Rock climbing was another new experience. We had a few practice sessions on rock faces near to the school that culminated in standing erect on the top of Napes Needle.
Our first climb, under instruction, of Helvellyn, was exceptional for being made on a relatively clear day. The view from the peak was wonderful and we followed the well-defined track down to Patterdale.
Interspersed with the activities above we had a programme of athletics involving eight (I think)
disciplines: Sprinting, Half-mile, Mile, Two miles, High Jump, Long Jump, Shot and Javelin.
I can also remember Abseiling, the Toggle Ride and the obstacle course with its twelve foot high wall to be negotiated as a team.
The course came to its end with the final project, a three day team event calling on most of what we had learnt in the previous three and a half weeks. We were split into teams of four and sent out to follow a set of twelve clues and end back at Hallsteads on Day 3. Days one and two were quite successful but we were behind schedule. There had been a bit of moaning and groaning about the unfairness of it all but it was essential that we made an early start on day three if we were to succeed and finish the course. We set off at just after first light and managed to catch up on our schedule. Clue 11 took us to the peak of Helvellyn. We started in clear weather and reached the peak……in mist!!!. We found the Trig point and the footpath down to Patterdale was clear and obvious. Except that it wasn’t !!! we followed the footpath down and finished up on Thirlmere. We were only allowed to take half a crown (12.5p) with us and luckily we had enough cash to take a local bus through Keswick to Troutbeck from where we walked back to Hallsteads. It was nearly ten o’clock by the time we checked in, tired and very hungry but we had made eleven out of twelve checkpoints. We could have made all twelve if we had used the tools that we were provided with, namely a map and compass. A salutary lesson had been learnt the hard way.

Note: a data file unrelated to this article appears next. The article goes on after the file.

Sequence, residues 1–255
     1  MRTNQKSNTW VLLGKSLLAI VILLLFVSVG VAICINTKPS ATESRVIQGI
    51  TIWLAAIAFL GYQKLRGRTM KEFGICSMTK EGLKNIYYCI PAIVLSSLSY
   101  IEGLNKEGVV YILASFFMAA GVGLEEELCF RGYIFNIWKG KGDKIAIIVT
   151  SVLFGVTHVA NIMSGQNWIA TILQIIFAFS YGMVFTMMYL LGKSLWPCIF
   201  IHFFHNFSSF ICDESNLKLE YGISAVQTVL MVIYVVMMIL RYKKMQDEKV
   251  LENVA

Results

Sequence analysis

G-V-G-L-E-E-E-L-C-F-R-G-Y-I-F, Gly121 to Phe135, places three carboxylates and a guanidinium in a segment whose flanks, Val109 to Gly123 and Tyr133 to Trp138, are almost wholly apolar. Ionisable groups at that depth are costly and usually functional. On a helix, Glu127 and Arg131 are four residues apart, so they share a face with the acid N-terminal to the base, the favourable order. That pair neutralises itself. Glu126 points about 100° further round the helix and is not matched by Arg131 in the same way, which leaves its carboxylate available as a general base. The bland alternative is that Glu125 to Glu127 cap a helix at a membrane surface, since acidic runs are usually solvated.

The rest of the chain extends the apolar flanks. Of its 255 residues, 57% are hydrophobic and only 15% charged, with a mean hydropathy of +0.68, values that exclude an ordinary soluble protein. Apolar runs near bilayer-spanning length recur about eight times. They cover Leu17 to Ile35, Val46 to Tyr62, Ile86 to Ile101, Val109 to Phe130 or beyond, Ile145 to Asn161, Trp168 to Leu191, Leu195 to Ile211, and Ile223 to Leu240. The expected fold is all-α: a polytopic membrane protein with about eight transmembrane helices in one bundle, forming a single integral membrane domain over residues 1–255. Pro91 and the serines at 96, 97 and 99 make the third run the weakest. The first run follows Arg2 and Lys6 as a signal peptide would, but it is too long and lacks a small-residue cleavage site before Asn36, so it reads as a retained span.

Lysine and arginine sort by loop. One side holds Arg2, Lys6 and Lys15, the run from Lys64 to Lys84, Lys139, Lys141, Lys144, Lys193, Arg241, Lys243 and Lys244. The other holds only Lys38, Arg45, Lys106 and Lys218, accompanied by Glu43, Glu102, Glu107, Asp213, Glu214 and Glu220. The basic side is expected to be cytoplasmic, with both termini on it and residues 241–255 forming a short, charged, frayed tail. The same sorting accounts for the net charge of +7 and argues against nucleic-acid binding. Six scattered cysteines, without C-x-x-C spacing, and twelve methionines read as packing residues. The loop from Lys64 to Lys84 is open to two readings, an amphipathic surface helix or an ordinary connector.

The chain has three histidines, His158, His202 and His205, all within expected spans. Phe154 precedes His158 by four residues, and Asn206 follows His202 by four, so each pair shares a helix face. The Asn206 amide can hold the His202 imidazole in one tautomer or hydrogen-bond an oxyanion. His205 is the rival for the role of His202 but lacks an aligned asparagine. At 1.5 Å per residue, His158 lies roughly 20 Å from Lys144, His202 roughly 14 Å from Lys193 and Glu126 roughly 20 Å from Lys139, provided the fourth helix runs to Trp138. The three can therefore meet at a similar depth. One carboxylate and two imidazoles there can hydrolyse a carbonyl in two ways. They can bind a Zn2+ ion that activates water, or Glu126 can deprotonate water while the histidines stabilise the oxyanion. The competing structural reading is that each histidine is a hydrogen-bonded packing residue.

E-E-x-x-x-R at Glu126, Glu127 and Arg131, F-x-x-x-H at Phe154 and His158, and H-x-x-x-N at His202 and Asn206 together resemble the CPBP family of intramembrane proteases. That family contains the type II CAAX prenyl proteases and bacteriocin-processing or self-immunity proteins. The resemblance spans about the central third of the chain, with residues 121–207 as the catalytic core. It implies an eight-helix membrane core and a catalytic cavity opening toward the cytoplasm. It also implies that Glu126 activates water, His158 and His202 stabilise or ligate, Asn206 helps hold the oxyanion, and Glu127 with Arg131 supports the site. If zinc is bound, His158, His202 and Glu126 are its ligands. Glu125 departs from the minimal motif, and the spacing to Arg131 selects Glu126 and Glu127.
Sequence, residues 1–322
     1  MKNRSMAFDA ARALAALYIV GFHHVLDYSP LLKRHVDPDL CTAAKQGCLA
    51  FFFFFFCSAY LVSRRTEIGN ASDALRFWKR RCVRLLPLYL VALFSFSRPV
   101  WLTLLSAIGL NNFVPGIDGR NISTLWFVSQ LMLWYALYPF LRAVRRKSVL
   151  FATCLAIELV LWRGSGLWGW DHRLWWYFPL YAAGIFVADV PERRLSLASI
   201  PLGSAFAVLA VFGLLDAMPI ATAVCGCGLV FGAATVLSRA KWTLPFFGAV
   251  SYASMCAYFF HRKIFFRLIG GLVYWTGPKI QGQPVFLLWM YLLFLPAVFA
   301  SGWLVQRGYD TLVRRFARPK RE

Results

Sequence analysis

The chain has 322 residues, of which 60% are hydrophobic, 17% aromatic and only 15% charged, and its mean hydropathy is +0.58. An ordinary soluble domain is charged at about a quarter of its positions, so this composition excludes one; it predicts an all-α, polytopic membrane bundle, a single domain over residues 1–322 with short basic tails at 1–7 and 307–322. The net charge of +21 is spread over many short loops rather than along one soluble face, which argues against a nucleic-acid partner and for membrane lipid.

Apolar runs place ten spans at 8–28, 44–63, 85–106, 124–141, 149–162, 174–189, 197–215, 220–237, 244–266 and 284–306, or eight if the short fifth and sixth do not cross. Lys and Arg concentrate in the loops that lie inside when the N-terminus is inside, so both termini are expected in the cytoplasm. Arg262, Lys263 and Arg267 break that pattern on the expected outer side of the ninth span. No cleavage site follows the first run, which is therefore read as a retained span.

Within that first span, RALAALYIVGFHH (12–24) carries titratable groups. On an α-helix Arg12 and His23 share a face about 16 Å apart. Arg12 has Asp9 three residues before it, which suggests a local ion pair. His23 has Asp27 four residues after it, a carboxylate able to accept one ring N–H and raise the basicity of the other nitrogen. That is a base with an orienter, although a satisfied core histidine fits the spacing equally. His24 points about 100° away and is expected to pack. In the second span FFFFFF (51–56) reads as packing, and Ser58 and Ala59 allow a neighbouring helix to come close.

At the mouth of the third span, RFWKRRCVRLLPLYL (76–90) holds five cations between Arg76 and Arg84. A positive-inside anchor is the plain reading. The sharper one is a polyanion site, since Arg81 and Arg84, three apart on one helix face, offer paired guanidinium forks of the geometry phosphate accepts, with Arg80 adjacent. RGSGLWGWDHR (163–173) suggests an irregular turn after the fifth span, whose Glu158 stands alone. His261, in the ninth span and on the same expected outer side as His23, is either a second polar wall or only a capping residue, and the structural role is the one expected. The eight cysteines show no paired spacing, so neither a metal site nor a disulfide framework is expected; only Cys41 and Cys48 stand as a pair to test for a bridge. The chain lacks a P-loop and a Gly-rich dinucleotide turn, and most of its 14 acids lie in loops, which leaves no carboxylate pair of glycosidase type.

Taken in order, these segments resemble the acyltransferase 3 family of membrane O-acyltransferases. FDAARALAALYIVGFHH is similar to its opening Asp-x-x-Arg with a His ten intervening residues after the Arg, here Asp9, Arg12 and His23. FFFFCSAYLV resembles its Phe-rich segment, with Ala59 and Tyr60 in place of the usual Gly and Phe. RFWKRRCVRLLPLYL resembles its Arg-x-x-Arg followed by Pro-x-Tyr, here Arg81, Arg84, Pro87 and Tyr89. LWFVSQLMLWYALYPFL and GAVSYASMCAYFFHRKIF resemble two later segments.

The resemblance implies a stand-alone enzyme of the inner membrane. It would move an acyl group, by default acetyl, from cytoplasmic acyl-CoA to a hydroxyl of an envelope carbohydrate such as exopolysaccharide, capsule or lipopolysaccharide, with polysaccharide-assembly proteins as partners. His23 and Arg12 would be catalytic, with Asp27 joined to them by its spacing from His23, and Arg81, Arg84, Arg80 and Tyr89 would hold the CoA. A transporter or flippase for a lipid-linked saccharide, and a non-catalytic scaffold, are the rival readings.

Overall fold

The course ended with the presentation of merit badges in three grades, red, blue and white. I still have my blue badge.
The course was completed without the safety helmets and harnesses that are deemed essential today.
And, finally, who could forget the pre-breakfast dip in an Ullswater lake that got colder as the month of October progressed.
The course emphasised the importance of teamwork and the need for personal commitment to other members of the team. Given tasks need to be properly planned, prepared for and executed using all the tools that are available. When situations become difficult one must not give in, there is always an acceptable solution, and have the courage to do what needs to be done.

On reflection it is undoubtedly true that the Outward Bound experience had an influence, albeit unconsciously, on many aspects of my future life.

Finally I have the autographs of around half of the course participants....

So there you have my memories of my Outward Bound experience. I hope that they will be of interest to you.

Colin Usher